Acceptance and Commitment Therapy – Separating Thoughts from Feelings

Our thoughts and feelings can become fused, and when they are, they become distressing to us, but we don’t have to let them rule our actions and the meaning we get from life. 

Fusion happens when we create the following within our minds:

  • Rules
  • Reasons and justifications
  • Judgements
  • Thoughts about the Past
  • Thoughts about the Future
  • Thoughts about the Self

It is often created by the chattering mind, but this is not all there is. There is also the part of the mind, the observing self, which notices it. And it is this which allows us t defuse our thoughts from our feelings. By defusing our thoughts and feelings we can reduce the distress we experience.  The key process to understand here is Defusion.

To defuse, we can start simply by using phrases such as “what is my mind telling me? what is my mind doing, what am I noticing my mind saying?” Which allow us to distinguish between the mind and our own self. We can talk about the mind as an entity distinct from our self, and simply by writing things down it allows us to distance our self from thoughts.

Then ask ourselves, “how helpful is that thought?”, “is it helping me get to where I want, or will it keep me stuck?”.

Ask yourself how fused you are to these thoughts, i.e. “How caught up am I with the thought?”, “do I notice how hooked in I am after that thought?”

Defusion Techniques

1. Say aloud your NAT. Then say “I’m having the thought that (NAT)”. Then say “I’m noticing that I’m having the thought that (NAT)”

2. Say aloud your NAT. Sing happy birthday in your head but use the NAT as the words. Use the voice of a cartoon character to say the NAT

3. Repeat the harsh word from the NAT again and again until it becomes a meaningless word

4. Imagine the NAT on a computer screen, then play with the font and spacing etc

5. Imagine a stream and leaves floating on the steam, every thought is out on the leaf and watch it float away in its own speed, if you notice a feeling, then put the “here’s a feeling of impatience” on a leaf. Bring yourself back. Don’t try to control their speed.

6. Focus on breathing. Then notice thoughts. Where are they in space? What form do they take (sounds, pictures), moving or still, what is above and below? Continue to notice and make observations about your thoughts

Letting Go Metaphors

Sometimes leaves on a stream don’t do it for you, so maybe use the other letting go metaphors as below:

  • Bubbles
  • Clouds
  • Suitcase on conveyor belt
  • Birds
  • Trains, cars
  • Waves
  • People walking by

Remember it’s not about getting rid of thoughts or not feeling anxious, it’s letting them be and not fighting but gaining distance. It can help to thank your mind for having a thought, because Negative Automatic Thoughts (NATs) are natural and there to protect us evolutionarily.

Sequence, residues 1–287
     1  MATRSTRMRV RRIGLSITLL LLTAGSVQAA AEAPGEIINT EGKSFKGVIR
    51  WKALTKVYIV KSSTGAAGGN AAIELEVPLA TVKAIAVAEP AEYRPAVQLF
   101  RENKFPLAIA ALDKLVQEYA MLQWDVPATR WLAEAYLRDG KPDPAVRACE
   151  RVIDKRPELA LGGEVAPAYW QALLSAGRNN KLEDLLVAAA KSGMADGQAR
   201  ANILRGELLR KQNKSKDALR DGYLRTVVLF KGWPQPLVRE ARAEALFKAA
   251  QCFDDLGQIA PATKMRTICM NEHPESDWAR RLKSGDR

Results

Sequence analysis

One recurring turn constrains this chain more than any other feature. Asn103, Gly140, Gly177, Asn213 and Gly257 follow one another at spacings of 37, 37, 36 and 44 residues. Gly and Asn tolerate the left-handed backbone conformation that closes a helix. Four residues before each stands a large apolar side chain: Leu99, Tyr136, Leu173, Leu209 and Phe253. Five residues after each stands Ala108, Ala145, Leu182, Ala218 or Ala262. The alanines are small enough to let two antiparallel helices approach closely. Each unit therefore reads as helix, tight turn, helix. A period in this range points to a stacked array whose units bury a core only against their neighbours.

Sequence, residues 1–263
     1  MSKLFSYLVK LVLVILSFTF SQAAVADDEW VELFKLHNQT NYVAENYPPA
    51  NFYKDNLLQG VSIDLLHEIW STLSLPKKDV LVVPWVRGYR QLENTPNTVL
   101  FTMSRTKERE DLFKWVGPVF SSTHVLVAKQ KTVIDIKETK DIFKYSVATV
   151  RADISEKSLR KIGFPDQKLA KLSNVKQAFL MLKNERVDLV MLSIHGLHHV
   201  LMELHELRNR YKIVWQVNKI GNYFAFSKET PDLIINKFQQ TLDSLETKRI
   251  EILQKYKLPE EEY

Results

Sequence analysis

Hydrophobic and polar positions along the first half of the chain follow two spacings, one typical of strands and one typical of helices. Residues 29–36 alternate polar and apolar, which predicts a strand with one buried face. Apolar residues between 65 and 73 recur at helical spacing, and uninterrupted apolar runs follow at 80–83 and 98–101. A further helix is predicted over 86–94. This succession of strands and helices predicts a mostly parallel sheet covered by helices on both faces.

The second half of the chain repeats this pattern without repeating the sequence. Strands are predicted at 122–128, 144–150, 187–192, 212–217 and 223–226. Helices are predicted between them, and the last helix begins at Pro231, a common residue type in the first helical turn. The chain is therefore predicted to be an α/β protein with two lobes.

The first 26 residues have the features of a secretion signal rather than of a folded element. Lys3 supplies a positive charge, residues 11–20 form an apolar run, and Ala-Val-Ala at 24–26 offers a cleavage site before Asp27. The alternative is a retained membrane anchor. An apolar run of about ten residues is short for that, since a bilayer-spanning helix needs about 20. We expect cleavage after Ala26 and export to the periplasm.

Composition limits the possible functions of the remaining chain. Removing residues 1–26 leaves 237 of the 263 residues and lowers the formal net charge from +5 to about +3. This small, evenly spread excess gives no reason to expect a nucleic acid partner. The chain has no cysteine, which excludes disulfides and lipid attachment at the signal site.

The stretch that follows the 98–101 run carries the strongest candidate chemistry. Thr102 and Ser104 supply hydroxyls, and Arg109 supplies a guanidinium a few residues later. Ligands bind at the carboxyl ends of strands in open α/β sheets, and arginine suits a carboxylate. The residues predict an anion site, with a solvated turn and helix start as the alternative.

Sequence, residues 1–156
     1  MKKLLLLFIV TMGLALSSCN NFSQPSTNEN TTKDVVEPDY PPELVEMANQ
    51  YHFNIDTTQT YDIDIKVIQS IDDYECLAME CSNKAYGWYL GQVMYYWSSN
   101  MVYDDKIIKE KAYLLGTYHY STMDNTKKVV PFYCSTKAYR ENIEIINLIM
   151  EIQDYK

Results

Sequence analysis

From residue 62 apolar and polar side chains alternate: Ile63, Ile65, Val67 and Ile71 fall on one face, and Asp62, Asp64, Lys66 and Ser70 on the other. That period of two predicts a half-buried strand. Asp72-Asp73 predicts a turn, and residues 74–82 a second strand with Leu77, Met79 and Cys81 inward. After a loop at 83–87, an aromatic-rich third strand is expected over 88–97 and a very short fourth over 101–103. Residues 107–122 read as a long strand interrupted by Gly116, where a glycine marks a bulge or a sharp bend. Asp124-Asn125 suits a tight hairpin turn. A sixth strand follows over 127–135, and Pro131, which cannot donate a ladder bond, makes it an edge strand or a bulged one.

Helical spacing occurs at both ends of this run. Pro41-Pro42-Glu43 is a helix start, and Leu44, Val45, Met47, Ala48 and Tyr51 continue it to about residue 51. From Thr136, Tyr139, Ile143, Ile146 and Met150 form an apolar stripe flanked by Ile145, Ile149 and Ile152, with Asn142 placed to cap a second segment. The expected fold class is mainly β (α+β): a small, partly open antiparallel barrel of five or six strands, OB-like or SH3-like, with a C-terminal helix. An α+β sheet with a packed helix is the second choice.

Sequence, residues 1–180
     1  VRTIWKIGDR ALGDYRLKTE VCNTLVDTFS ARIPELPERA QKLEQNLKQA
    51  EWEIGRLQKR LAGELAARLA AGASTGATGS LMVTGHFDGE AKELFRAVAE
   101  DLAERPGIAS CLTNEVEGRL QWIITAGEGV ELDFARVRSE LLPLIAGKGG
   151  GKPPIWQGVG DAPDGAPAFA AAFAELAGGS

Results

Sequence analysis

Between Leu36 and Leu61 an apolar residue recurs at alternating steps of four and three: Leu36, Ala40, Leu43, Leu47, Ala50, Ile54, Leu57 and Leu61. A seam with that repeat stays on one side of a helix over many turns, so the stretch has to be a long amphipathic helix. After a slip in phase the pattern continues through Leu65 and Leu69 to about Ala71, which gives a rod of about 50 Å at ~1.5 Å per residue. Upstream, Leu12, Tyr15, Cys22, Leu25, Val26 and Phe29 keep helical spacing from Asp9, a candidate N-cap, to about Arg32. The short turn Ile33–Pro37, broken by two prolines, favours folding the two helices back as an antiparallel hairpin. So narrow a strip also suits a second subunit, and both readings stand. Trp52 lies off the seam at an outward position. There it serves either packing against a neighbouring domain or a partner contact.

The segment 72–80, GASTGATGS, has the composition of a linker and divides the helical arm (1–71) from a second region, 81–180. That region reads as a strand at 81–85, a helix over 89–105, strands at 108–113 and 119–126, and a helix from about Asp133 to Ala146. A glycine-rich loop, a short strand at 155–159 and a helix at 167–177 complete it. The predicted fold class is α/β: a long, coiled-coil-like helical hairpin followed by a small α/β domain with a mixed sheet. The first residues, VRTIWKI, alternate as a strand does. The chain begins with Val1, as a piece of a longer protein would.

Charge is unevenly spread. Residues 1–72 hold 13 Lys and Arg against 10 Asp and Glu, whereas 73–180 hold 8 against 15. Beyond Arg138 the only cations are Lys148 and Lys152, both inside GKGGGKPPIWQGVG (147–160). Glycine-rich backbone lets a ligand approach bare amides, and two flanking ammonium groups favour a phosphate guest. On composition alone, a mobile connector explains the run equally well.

Go through examples of when we didn’t act on thoughts, I.e. Didn’t punch the bad driver, didn’t quit our job, so thoughts don’t have to control action, we can have the thought and do something different anyway.

Chessboard Metaphor

It can help if we imagine that our thoughts are like black and white chess pieces, battling back and forth. We can simply be the chessboard; in touch with the thoughts but not battling.

The chessboard metaphor allows us to picture the observing self but there is an exercise which illustrates it in situ:

Continuous You Exercise

  • Notice X (thoughts, feelings, sensations, one after the other )
  • Be curious, what do you notice about it?
  • Notice how yes, there is X but there is also you noticing X
  • If you notice X you cannot be X
  • X changes (from happy to sad, from positive to negative, from pain to numbness) but the you who notices X does not change, since you were a child there has been you, and you continue to be you.


A great piece of homework can be to:

  • Write thoughts on card
  • On back summarise them all into a title of the film, i.e. “The Useless Jane story”
  • Read them through, then read the title on the back, what does it do?
  • Now whenever you have a NAT tell yourself “oh look at that “Useless Jane” story again”
  • And also take the card and carry it with you.
  • 5 times a day read the thoughts then the title

For low self esteem, put the bad thoughts on a card and hold it close to your face then on the other side put the good thoughts and hold it close to your face, making the point that neither really allow us to connect with the world around us. is a website providing information about mental health and wellbeing. is provided by Anna Batho, a therapist working in High Wycombe and providing therapy in Amersham and the wider Buckinghamshire (Bucks) region.You can contact her here.

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